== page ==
We agree, in our further appellate review of this case, with the conclusions expressed by the Appeals Court in its opinion in Selectmen of Sterling v. The Governor, 2 Mass. App. Ct. 597 (1974). It was the duty of the board of selectmen to establish with precision in the Superior Court the record which was before the respondents, as the authority cited by the Appeals Court amply shows. The board of selectmen failed to establish that record. We agree with the Appeals Court that in particular circumstances payment of past due monthly mortgage obligations on a veteran's home may be made under G. L. c. 115, Section 5. Because the record does not show that there were no such circumstances here, the Superior Court should not have quashed the decision of the respondents.
Order for judgment of the Superior Court reversed.
The plaintiff's husband delivered her motor vehicle to the defendant for service and repair one morning in 1970. When he returned that evening to pick it up, the motor vehicle was missing from the defendant's
premises. This action was brought to recover the value of the automobile and its contents. A finding for the plaintiff was entered in the District Court. The Appellate Division of the District Court concluded that there was no prejudicial error and ordered that the report be dismissed. The defendant argues here that the judge was in error in ruling that the defendant had the burden of proving that it had exercised due care to prevent the loss of the vehicle. It also challenges the judge's failure to find, as matter of law, that the defendant was in the exercise of due care. Our opinion in Knowles v. Gilchrist Co. 362 Mass. 642 (1972), involving the loss of furniture delivered for reupholstering, is dispositive of the first issue. We said there that, in all bailment for hire cases, if the bailor delivers property in good condition which the bailee fails to return on timely demand, the burden "is irrevocably fixed upon the bailee to prove by a fair preponderance of the evidence that he has exercised due care to prevent the property's loss or destruction." Id. at 652. On the second issue, the judge was not compelled, as matter of law, to rule that the defendant was in the exercise of due care. This was a question of fact. No separate question has been argued concerning the defendant's liability for the loss of the contents of the motor vehicle.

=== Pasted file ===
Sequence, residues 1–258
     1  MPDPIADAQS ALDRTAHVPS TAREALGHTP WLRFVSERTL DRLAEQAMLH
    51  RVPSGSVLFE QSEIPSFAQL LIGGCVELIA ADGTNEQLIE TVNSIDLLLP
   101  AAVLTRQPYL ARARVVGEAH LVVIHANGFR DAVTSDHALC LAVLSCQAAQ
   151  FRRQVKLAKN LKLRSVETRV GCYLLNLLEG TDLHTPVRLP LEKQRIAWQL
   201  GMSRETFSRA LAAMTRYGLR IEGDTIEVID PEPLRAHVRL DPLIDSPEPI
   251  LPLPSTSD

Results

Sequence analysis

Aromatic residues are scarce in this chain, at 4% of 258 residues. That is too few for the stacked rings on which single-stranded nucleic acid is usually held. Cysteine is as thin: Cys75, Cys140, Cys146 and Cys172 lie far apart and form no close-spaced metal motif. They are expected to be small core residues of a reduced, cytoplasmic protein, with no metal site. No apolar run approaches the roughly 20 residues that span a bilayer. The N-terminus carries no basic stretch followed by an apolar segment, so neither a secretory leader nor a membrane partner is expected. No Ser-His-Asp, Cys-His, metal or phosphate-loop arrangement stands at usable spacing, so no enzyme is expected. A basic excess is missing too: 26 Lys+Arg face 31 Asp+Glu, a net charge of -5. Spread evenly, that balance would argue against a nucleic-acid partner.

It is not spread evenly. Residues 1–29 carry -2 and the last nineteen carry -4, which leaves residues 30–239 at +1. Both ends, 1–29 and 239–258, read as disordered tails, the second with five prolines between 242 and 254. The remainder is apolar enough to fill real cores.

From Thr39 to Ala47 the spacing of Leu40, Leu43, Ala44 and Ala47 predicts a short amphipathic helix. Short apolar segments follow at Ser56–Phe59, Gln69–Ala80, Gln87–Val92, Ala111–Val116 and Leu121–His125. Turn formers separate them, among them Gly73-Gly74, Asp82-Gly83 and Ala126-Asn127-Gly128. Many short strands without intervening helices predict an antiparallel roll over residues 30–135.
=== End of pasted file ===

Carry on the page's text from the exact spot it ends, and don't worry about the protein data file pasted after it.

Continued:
Order dismissing report affirmed.